We try to take control of the past with current struggles in mind. Martin Luther King, killed less than a half-century ago is a prize for contemporary activists. The civil rights movement isn’t quite a wispy memory from the era of Mad Men; some of King’s allies and opponents are still around, making it just a little harder to make up stuff.
This year, King and the civil rights movement provide some inspiration and legitimation for activists across the country challenging differential policing, and trying to create a new civil rights movement.
But not just that: Selma, a movie about the dramatic struggle for Voting Rights that ran across the Edmund Pettus Bridge, has been in the news as a subject for historical debate. The movie portrays King, and especially local activists, as heroes who dragged Lyndon Johnson into support for voting rights. Johnson is portrayed as an antagonist who set J. Edgar Hoover and the FBI loose on King. Not all of this is strictly accurate; Johnson supported civil rights by this time, albeit in far more measured and careful way than the extraordinarily brave men and women who marched, non-violently, into beatings by the police. (And Johnson was hardly calling the shots for Hoover, who followed his own perverse political passions, dragging federal law enforcement along with him.)
Congressman John Lewis (LA Times), one of those brave young people, a character in the movie, and a hero by any definition, lauds the film as a work of art, more than a historical document. He describes Johnson as one of the nation’s great presidents, but emphasizes the importance of the people of Selma who took action. And a film that makes us think about this episode in our past is a good thing; he writes,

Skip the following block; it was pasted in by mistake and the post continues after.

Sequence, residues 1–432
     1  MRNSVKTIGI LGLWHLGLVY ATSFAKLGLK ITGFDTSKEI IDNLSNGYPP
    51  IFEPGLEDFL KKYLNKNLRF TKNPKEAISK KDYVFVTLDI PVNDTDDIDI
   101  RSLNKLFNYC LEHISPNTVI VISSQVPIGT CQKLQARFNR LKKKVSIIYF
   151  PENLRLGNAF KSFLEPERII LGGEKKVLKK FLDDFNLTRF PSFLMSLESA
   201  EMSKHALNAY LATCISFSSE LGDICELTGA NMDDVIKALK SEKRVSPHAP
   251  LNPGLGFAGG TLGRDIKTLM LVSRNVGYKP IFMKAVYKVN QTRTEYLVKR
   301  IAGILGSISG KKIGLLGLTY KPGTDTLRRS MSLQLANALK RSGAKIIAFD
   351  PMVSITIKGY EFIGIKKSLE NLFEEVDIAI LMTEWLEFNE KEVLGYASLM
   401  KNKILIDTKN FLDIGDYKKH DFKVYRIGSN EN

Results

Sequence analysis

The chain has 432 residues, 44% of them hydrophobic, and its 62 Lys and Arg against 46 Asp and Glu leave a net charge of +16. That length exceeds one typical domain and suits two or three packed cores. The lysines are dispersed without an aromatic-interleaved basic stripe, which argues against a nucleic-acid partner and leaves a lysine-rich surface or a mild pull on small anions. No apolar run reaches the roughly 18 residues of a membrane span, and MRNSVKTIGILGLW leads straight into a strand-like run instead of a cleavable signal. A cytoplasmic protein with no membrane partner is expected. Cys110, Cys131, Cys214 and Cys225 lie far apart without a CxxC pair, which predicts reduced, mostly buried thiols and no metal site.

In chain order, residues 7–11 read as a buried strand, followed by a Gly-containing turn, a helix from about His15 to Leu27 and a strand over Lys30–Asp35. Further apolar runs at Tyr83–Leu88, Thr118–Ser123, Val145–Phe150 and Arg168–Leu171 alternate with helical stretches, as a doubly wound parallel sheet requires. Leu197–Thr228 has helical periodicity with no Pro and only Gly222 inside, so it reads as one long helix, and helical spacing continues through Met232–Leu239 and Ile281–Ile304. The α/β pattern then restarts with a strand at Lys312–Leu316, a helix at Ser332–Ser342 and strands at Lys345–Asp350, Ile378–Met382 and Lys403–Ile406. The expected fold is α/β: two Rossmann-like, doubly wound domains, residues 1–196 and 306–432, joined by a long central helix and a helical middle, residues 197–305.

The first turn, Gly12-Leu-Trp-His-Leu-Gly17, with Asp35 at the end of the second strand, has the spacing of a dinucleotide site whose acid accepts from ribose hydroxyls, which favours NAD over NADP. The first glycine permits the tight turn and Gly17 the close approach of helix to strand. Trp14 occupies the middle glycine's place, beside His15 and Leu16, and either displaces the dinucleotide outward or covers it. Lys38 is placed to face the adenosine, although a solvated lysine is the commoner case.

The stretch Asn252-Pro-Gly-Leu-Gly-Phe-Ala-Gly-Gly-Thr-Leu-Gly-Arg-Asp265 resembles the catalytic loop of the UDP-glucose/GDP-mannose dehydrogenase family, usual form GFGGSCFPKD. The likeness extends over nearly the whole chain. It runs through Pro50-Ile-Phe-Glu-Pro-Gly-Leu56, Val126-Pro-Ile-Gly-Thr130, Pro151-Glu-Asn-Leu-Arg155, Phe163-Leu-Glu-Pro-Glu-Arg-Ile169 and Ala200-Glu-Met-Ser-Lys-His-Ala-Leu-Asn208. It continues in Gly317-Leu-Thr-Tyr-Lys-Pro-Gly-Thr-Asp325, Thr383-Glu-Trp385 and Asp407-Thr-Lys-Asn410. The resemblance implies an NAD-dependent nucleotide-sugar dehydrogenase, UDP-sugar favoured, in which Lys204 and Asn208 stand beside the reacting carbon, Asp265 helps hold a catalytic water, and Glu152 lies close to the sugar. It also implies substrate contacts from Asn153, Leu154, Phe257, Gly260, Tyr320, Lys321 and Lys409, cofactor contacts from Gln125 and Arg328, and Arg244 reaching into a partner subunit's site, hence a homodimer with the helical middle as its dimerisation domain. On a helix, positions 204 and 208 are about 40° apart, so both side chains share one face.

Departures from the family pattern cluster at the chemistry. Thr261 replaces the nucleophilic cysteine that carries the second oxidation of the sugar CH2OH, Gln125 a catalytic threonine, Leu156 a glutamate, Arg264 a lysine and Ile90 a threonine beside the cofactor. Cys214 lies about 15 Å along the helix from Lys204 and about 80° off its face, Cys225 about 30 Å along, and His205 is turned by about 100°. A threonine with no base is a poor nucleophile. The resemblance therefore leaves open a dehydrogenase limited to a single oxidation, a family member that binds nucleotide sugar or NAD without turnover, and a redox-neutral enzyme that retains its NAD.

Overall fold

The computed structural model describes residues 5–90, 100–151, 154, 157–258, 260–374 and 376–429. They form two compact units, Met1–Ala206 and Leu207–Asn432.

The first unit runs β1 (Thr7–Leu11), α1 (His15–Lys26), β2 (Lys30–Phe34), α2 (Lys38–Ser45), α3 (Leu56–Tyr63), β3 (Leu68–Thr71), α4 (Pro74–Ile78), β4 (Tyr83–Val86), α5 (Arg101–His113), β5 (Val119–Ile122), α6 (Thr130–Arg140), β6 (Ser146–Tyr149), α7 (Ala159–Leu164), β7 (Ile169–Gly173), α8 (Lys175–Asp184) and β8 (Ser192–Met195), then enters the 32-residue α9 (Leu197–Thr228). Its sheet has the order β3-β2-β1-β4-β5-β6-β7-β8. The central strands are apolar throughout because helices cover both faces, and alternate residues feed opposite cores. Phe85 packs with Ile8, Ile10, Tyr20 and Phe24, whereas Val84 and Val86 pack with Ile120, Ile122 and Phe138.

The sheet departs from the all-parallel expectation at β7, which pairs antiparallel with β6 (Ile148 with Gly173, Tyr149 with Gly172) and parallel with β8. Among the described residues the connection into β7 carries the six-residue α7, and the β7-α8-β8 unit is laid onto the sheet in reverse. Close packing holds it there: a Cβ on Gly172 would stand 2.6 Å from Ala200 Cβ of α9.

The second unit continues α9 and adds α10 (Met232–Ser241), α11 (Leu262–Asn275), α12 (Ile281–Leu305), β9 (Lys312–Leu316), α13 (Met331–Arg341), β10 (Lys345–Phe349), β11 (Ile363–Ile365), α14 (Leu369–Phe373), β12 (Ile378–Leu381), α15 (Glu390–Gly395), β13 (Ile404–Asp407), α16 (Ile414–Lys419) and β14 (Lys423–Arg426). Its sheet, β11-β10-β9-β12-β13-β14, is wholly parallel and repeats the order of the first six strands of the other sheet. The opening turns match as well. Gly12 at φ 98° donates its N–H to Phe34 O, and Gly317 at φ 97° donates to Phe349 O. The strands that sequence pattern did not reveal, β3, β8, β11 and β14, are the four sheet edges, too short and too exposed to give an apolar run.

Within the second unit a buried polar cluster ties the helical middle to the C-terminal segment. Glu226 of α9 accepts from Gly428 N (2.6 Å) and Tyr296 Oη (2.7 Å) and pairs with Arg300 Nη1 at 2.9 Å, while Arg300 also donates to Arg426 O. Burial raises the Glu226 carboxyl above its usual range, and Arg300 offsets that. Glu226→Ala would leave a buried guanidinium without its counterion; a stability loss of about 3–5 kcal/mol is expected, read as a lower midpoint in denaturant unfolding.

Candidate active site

And “Selma” does more than bring history to life, it enlightens our understanding of our lives today. It proves the efficacy of nonviolent action and civic engagement, especially when government seems unresponsive. With poignant grace, it demonstrates that Occupy, inconvenient protests and die-ins that disturb our daily routine reflect a legacy of resistance that led many to struggle and die for justice, not centuries ago, but in our lifetimes. It reminds us that the day could be approaching when that price will be required again.
So, we make sense of the past to make the world we want in the future.
And it’s worthwhile to remember that Martin Luther King was hardly as finely polished and broadly accepted as the statue on the mall. At Vox, Jenee Desmond-Harris hauls out the Poor People’s Campaign, the effort King was organizing when he was killed. In the last years of his life, Rev. King took his Nobel Prize and his influence on Civil Rights and Voting Rights, and put them all in the service of campaigns against war and against poverty and inequality. These were brave and less popular efforts, even more radical than the earlier civil rights campaigns.
And, partly because they were less successful than efforts to, say, desegregate buses and libraries, all the more relevant to us today.